Legionella Infection Risk from Domestic Hot Water
Borella P, Montagna MT, Romano-Spica V, Stampi S, Stancanelli G, Triassi M, et al. Legionella infection risk from domestic hot water. Emerg Infect Dis [serial ******] 2004 Mar [date cited]. Available from: http://www.cdc.gov/ncidod/EID/vol10no3/02-0707.htm
"Increased prevalence of Legionella colonization was associated with water heater temperatures <50 degrees C,"
See also Emerging Infectious Disease www.cdc.gov/eid Volume 12, No. 4, April 2006 http://ceip.us/pdf/legionella.pdf
about the effects of converting to monochloramine for public drinking water disinfection. Since the majority of the country is still using Chlorine we have to take precautions.
"CDC" Division of Bacterial and Mycotic Diseases. Home Page. Department of Health & Human Services, Centers for Disease Control & Prevention. 12 Oct. 2005 http://www.cdc.gov/ncidod/dbmd/disea...nellosis_g.htm
Legionella. Legionella 2003. An updated and statement by the Association of Water Technologies. June 2003. http://www.awt.org/Legionella03.pdf
Ackroyd, R. (2001). 25 years and 125,000 scalds. Retrieved July 28, 2005, from Innovative Valves, Faucets and Plumbing Specialties Web site: http://www.pmengineer.com/CDA
Legionnaires’ disease which is a severe respiratory infection which includes pneumonia. The bacteria grows in sources of potable water, such as hot water heaters. This bacteria survives in water temperatures less than 140 degrees and can be contracted through inhalation. Symptoms to this non-contagious disease begin with coughing, fever, chills, headaches and muscle aches. Some victims develop pneumonia which may lead to death.
How do I prevent it? Many experts, such as your pediatrician or in-home contractor, suggest turning your hot water heater down to temperatures that prevent scalding (120 degrees F or less); however, create a perfect climate for the Legionella bacteria. Installing devices at your water heater, such as a thermostatic mixing valve, can help you find that happy-medium. Designed to prevent scalding, thermostatic mixing valves store your hot water at Legionella-safe temperature of 140 degrees F, yet ensures water to baths, showers and sinks are safe at the faucetsee more at http.bt.cdc.gov includingLegionnaires' disease is a form of pneumonia that is acquired from aerosolized water containing the bacteria Legionella. Legionnaires' disease can be very serious, causing death in up to 30% of cases, usually in older people or those with weakened immune systems. Growth of Legionella is enhanced in warm, stagnant water; plumbing systems that have been out of use for any reason, including a disaster, provide such an environment. Transmission to humans requires aerosolization by shower heads, cooling towers, whirlpool spas, or other similar systems.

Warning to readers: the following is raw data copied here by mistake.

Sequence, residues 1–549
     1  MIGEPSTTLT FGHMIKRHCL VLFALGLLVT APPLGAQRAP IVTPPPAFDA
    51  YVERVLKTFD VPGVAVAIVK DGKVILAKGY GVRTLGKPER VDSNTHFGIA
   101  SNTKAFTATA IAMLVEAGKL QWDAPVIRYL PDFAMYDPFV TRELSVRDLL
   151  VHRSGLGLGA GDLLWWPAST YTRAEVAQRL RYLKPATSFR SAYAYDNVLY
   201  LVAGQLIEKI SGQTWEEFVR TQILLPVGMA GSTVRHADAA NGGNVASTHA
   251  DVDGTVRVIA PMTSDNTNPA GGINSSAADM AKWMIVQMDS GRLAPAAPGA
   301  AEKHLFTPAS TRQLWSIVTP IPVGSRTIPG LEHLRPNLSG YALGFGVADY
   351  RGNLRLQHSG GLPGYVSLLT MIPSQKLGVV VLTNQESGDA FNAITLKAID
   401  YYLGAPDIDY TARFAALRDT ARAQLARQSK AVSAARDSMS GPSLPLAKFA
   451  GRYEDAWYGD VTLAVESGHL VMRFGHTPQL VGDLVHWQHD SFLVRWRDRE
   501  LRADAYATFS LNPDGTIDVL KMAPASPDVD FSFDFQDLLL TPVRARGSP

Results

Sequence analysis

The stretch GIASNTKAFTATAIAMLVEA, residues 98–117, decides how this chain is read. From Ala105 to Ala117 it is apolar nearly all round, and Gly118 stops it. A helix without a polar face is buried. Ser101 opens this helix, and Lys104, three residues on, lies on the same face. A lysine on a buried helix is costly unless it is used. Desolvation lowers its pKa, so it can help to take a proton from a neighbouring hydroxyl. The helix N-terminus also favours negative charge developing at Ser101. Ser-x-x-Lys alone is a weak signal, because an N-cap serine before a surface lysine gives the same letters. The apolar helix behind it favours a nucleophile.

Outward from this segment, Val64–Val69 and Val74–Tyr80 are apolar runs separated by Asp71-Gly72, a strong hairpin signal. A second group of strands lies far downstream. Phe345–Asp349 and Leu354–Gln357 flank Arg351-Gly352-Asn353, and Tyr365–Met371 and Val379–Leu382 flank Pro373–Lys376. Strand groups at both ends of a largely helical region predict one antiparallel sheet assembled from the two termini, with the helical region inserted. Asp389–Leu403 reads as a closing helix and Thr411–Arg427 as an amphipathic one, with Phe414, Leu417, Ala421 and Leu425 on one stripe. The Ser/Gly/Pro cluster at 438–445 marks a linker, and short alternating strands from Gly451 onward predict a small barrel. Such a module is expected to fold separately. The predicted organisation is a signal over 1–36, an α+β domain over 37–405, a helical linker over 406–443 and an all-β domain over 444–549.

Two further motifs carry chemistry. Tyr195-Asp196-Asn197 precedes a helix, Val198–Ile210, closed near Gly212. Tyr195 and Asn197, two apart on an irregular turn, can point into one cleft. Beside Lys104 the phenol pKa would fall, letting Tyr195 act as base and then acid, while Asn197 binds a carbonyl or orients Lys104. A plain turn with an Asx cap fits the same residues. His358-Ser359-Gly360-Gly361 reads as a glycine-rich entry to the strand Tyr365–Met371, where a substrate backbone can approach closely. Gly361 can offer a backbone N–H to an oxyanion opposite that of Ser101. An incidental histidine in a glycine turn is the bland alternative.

http://www.dhmh.state.md.us/html/legionella.htmWhat can be done to remove Legionella bacteria from water systems?
There are several ways to eliminate Legionella bacteria from water systems, each with its own advantages and disadvantages. Guidelines for reducing the risk of Legionella colonization of buildings are available for building maintenance superintendents, engineers, managers, and other personnel evaluating water systems from the American Society of Heating, Refrigerating, and Air-Conditioning Engineers (ASHRAE®) . ASHRAE is a not-for-profit organization that develops standards and guidelines for industries that design, manufacture, and maintain building systems. With substantial input from CDC and industry experts, ASHRAE developed "ASHRAE Guideline 12-2000-Minimizing the Risk of Legionellosis Associated with Building Water Systems." The guidelines provide specific environmental and operational guidelines that will contribute to the safe operation of building water systems and are available at www.ashrae.org http://www.ashrae.org. http://www.asse-plumbing.org/